What is video thoracoscopy?

Video-assisted thoracoscopy is one of the methods most used by pulmonologists and thoracic surgeons. We tell you about its characteristics.

Last update: 25 February, 2022

Each of the medical specialists uses some tools to assess patients in the best possible way. For those dealing with chest diseases, especially respiratory diseases, video-assisted thoracoscopy is an option.

It is a relatively safe procedure that consists of inserting tubes into the chest to diagnose and treat diseases. If you are interested in knowing a little more, then we will talk about its main characteristics.

Overview of video-assisted thoracoscopy

Video-assisted thoracoscopy is a type of minimally invasive surgery that allows diagnosing and treating conditions that affect the organs of the rib cage. It is performed by pulmonologists or thoracic surgeons and consists of inserting an apparatus between the two layers of the pleural cavity (the visceral and the parietal pleura).

According to a publication in the Chilean Journal of Surgery, its origin dates back to the beginning of the 20th century in Sweden. Physician Hans Christiansen Jacobaeus made the first explorations in the chest cavity to evaluate patients with tuberculosis; moment from which this technique became popular in Europe.

It is currently considered a safe and very useful method for assessing patients with pathologies that affect the chest. Especially those reserved for the respiratory system.



Indications

As mentioned, video-assisted thoracoscopy allows doctors to diagnose and treat various diseases. Some of them are mentioned below:

  • Lung cancer: It is one of the main causes of morbidity and mortality associated with cancer worldwide. According to a research article, video-assisted thoracoscopy is performed to comprehensively explore tumor lesions and objectively assess the possibility of resection.
  • Pneumothorax: This condition is characterized by the presence of air within the pleural cavity, which normally contains a small amount of fluid. There are many types of pneumothorax, this technique being useful in those patients with relapses. In these cases, a pleurodesis is usually performed, that is, the obliteration of the pleural space to prevent accumulation of fluid.
  • Pulmonary nodule: When lesions in the form of small masses are found inside the lungs by techniques such as chest computed tomography (CT), it is necessary to take a sample. Video-assisted thoracoscopy allows this in certain cases.
  • Biopsies: In any case where malignancy is suspected, it is necessary to take a tissue sample to diagnose it in the laboratory. As with digestive endoscopy, video-assisted thoracoscopy is the most recommended method due to its safety and cost.
A suspicious sign of malignancy in the lung merits complementation with a video-assisted thoracoscopy.

Contraindications

Despite its excellent safety profile, not all patients are candidates for video-assisted thoracoscopy. Here are some of the most common contraindications for this procedure:

  • Pleural symphysis: that is, when the two layers that define the pleural space are already joined by previous procedures.
  • Respiratory insufficiency: In patients with severely compromised lung function, video-assisted thoracoscopy could hinder ventilation processes.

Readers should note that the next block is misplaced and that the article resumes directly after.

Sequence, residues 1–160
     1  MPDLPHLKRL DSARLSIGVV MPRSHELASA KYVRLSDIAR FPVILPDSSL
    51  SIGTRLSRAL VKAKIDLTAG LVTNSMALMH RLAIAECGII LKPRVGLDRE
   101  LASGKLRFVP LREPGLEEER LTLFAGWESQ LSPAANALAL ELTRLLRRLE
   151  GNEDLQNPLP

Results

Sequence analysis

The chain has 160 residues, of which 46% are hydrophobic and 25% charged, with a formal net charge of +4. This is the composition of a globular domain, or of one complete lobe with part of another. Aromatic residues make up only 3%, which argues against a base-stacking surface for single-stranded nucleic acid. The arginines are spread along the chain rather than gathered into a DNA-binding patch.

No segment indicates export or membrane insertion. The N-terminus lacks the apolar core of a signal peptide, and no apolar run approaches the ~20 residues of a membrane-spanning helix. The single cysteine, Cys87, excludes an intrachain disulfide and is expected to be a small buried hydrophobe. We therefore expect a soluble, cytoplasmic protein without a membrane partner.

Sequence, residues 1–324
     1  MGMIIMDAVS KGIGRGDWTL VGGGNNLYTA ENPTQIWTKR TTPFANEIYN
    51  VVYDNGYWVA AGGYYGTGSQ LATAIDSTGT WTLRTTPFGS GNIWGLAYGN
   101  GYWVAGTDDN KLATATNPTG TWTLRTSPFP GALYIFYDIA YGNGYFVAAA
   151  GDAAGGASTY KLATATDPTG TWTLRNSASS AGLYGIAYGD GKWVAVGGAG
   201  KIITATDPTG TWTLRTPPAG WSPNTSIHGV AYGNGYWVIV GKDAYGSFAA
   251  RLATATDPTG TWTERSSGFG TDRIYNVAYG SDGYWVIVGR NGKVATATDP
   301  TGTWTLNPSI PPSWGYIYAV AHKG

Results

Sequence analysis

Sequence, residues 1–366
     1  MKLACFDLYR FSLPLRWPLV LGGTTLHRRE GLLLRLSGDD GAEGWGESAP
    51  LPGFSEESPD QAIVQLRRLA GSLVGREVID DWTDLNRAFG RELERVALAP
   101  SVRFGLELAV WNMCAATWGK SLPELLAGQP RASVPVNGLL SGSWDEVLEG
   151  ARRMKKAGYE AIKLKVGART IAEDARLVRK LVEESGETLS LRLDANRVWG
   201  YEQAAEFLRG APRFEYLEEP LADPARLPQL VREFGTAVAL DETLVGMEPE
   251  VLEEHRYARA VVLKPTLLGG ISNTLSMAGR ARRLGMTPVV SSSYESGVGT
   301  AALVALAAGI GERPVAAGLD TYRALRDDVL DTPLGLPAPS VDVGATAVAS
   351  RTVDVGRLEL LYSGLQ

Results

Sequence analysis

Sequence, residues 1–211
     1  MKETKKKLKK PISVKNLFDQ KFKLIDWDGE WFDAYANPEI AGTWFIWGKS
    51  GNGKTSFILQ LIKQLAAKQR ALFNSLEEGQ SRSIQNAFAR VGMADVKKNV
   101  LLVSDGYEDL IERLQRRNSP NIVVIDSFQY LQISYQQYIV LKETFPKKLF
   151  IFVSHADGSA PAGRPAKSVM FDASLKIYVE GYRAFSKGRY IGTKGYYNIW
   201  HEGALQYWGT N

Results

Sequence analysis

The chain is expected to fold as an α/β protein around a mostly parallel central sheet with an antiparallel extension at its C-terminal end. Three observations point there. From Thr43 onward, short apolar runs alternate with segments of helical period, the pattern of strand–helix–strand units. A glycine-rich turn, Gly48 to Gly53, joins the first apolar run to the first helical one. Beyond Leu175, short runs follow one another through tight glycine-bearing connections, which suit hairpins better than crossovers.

• Contralateral pneumonectomy: If a patient is missing one of their lungs (ie it was removed during a previous pneumonectomy), they are highly likely to develop complications during the procedure in the only lung they have.


video-assisted thoracoscopy technique

We will divide the technique into 3 fundamental phases: preparation, procedure and recovery. Let’s see.

1. Preparation

As in most cases it is an outpatient and planned procedure, the treating physician must be informed of all the treatments that are being received. This is important, as the use of anticoagulants could increase the risk of complications.

Video-assisted thoracoscopy should be performed in an operating room or appropriate space to prevent contamination of used equipment. That is, to reduce the risk of infections. Both the health personnel and the patient must dress or cover themselves with specific disposable material.

Many hospital centers recommend hospitalization at night or the previous hours. A fasting period of approximately 8 to 12 hours should be guaranteed.

2. Procedure

The most common position in which the patient should be placed is lateral decubitus (ie sideways). After administering local or general anesthesia (which will depend on the extent of the procedure and the medical criteria), the specialist will make some incisions in the chest wall.

After that, it will introduce tubes with built-in tools for tissue resection, biopsy taking, etc. Also, one of the tubes will have a tiny video camera attached to a monitor.

The space to perform the procedure must comply with biosafety parameters.

3. Recovery

Once the procedure is completed, the surgeon will remove the devices and proceed to close the wounds. The patient will need to spend some time in the recovery room while waiting for the effects of anesthesia to wear off. The collected samples will be sent to the laboratory.

In some cases hospitalization is necessary for 1-3 days to monitor recovery. Especially in those patients with a higher risk of complications.

A useful technique for pulmonology

As you have seen, video-assisted thoracoscopy is a relatively simple and very useful technique. It has become the preferred tool of many professionalsthanks to its effectiveness as a diagnostic and therapeutic method.

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